Popular social media platform TikTok on Wednesday announced plans for a rating system aimed at protecting young users from inappropriate content.
The move comes after sharp criticism from lawmakers and advocates in recent months over the prevalence of harmful posts on the app, especially those that appear in the feeds of young users.
The rating system, called "Content Levels," will categorize videos based on the age-appropriateness of their material, preventing users under 18 from seeing certain content deemed mature, the company said. The system will be launched in the coming weeks and operate like similar approaches in the film and gaming industries, TikTok added.
"We want to play a positive role in the lives of the people who use our app, and we're committed to fostering an environment where people can express themselves on a variety of topics, while also protecting against potentially challenging or triggering viewing experiences," the company said.
In February, Wisconsin Sen. Tammy Baldwin and Minnesota Sen. Amy Klobuchar, both Democrats, sent a letter to TikTok saying its "algorithm of 'nonstop stream of videos' increases the likelihood that viewers will encounter harmful content even without seeking it out."
The letter followed an investigation from The Wall Street Journal in December that found the platform surfaced tens of thousands of weight loss videos to a dozen automated accounts registered as 13 year olds within a few weeks of their joining the app.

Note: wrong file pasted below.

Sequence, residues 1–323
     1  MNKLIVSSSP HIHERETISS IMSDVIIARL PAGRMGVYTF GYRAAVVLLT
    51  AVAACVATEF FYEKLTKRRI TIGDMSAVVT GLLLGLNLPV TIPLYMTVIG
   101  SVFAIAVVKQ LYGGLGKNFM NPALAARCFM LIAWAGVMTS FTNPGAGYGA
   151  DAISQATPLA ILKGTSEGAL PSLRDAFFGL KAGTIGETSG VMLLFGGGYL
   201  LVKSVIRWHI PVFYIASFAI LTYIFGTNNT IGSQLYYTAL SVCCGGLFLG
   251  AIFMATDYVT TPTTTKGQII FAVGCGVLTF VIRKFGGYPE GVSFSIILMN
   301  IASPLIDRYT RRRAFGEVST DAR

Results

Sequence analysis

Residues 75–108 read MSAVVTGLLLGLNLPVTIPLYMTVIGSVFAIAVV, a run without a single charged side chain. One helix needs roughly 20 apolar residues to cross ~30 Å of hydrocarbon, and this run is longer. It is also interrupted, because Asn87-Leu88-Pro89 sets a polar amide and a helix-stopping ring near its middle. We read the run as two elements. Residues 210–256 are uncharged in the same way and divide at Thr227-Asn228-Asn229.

Since last year, TikTok has been testing solutions that prevent users from seeing a flood of content focused on sensitive topics like dieting and sadness, the company said in a statement on Wednesday. In addition to the ratings system, the company is readying to launch a feature that will recognize and limit such sensitive topics from appearing in a user's feed, it said.
In general, scrutiny over the harmful effects of content on social media, especially for young people, has intensified since leaks from whistleblower Frances Haugen last year revealed that an internal Facebook study had shown damaging mental health effects of Instagram for teen girls.
In September, Facebook suspended plans to offer a version of Instagram for kids.
The following month, officials from Snapchat, TikTok and YouTube told lawmakers they would work with them on proposals to help protect young users from harmful content on their platforms.
A bipartisan Senate bill introduced in February aims to tackle the harmful effects of social media for young people through a variety of measures, including mandatory privacy options that would allow users to disable addictive features and a tool for parents to track time spent on apps. So far, eight senators have signed on in support of the legislation.
A separate bipartisan Senate bill would fund a study of the effects of social media. Six senators have formally supported the bill.